London house prices fall for fifth quarter in a row

Activity and prices in the capital 'remain challenging', while UK houses prices continued to rise at a steady pace in September, according to Nationwide.

Robert Gardner, Nationwide's chief economist, says that annual house price growth has been confined to a fairly narrow range of between 2 per cent and 3 per cent over the past 12 months, which suggests 'little change in the balance between demand and supply in the market'.

But regional variations were quite marked. Yorkshire & Humberside was the best performing region, with prices up by 5.8 per cent. But the North was the weakest performing region, with prices down overall by -1.7 per cent over the year.

Source: Nationwide, 2 October 2018

The East Midlands also continued to see relatively strong growth, with prices up 4.8 per cent year-on-year.

For the fifth quarter in a row, London prices fell over the year. In September, prices dropped just a little at -0.7 per cent. 

But Gardner points out that house prices in the capital still remain high.

'Prices (in London) are only around 3 per cent lower than a record high in early 2017 and are still more than 50 per cent more than in 2007,' he says. 

Jeremy Leaf, north London estate agent and a former Royal Institution of Chartered Surveyors (RICS) residential chairman, comments: 'These numbers are actually quite good news because they show a fairly steady market after house prices fell by their largest amount in six years in August. 

'Once again, we are finding that the market continues to be supported by a shortage of stock and low mortgage rates, as well as new buyers returning from holiday keen to take advantage of some more realistic pricing.

‘It is a mixed bag, however, because activity and prices in London remain challenging whereas in many places outside it is quite a different picture. This is mainly due to historic affordability reasons, particularly when this well-respected index confirms London prices are still more than 50 per cent above their 2007 peak.'


Region Average Price  
(Q3 2018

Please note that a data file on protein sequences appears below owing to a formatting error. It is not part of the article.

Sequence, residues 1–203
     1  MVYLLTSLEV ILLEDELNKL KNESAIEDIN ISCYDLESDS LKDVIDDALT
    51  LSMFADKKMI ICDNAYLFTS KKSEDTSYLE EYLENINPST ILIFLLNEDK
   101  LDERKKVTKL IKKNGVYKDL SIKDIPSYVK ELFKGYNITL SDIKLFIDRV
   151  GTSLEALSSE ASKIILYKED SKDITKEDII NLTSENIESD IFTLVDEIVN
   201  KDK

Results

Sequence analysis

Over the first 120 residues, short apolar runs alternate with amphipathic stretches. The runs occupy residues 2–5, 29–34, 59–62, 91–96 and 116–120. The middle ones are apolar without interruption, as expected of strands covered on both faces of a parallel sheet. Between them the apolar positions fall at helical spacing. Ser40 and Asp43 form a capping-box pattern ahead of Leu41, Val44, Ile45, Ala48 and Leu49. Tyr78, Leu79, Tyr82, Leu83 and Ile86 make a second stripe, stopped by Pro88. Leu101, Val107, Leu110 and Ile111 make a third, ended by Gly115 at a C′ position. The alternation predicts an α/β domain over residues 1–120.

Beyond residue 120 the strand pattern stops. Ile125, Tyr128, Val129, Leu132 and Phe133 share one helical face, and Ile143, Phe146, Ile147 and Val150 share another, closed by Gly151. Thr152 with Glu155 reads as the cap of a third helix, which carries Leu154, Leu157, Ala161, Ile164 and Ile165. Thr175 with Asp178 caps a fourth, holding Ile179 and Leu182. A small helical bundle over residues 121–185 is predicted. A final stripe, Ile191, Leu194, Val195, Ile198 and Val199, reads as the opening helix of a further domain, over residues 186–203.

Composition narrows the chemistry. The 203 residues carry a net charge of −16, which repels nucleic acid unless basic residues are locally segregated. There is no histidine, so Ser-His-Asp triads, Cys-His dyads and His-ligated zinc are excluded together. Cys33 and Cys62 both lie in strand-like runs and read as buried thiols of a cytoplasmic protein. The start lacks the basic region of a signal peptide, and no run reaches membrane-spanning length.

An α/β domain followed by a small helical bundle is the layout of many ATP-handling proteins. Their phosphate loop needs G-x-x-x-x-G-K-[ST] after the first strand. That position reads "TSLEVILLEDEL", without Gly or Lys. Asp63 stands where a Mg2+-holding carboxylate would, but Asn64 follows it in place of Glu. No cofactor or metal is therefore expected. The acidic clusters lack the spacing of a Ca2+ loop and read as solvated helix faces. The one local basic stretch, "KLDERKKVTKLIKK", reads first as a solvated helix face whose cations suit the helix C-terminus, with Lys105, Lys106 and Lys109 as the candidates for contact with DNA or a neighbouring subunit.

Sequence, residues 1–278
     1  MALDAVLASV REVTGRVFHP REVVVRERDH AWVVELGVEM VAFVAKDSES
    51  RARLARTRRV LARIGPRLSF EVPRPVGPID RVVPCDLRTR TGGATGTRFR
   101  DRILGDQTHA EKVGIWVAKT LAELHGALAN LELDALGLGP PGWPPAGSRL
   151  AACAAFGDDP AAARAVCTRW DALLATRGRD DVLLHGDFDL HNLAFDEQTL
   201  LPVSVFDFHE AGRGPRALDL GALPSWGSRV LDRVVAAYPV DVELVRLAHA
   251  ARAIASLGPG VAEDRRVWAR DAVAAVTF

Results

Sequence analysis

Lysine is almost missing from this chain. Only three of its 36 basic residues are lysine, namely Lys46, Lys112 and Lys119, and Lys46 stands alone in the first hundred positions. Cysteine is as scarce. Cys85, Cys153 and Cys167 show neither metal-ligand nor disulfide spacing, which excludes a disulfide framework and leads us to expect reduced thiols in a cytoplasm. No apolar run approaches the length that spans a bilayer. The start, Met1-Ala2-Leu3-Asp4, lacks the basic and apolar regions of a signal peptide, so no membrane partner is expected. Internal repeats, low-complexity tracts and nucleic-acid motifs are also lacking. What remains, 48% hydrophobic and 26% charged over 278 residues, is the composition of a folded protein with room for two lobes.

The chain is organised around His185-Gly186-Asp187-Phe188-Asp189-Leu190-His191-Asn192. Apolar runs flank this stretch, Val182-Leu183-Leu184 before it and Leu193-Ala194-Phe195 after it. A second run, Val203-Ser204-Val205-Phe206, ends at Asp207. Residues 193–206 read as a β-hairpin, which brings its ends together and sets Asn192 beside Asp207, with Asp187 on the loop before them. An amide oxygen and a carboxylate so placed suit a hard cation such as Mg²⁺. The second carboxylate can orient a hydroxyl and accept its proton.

Annual % change  
this quarter
Annual % change  
last quarter
Yorks & H'side    £160,263 5.80% 2.10%
East Midlands  £186,414 4.80% 4.40%
N Ireland £139,374 4.30% 2.10%
West Midlands £190,607 4.10% 4.30%
North West £162,596 4.10% 3.00%
Wales £154,881 3.30% 4.00%
East Anglia £228,690 3.00% 2.50%
Scotland £149,161 2.10% 3.10%
South West £245,434 1.90% 2.40%
Outer SE £279,858 0.80% 2.50%
Outer Met £364,309 -0.30% 0.90%
London £468,544 -0.70% -1.90%
North £125,085 -1.70% 1.60%
UK £216,103 2.10% 2.20%

Source: Nationwide, 2 October 2018


North-south split

For the sixth quarter in a row, price growth in Northern England exceeded that in the South. While the North saw price falls, other regions such as Yorkshire and Humberside and the North West saw price growth accelerate, so overall prices in Northern England were up 4.1 per cent over the year.North-south divide

In contrast, in Southern England London and the Outer Metropolitan regions saw prices decline over the year, meaning overall price growth in the South slowed to just 0.3 per cent. Burt there is a still a significant price gap, with average prices in the South around twice those in the North.

James Newbery, investment manager at property investment platform British Pearl, says: 'What’s striking is that we are still a nation divided. Growth since the financial crisis has been incredibly uneven with many regions still struggling to get back to where they began whereas London has powered ahead. That means there are still opportunities out there but they must be chosen carefully.

'Even in the market that has cooled the most - London - prices are still very close to all-time highs. It has been a gentle softening over what is now a relatively long period, and you can partly credit Help To Buy and a weaker pound with warding off a convulsion in prices.'

This article was originally written by our sister publication Moneywise.

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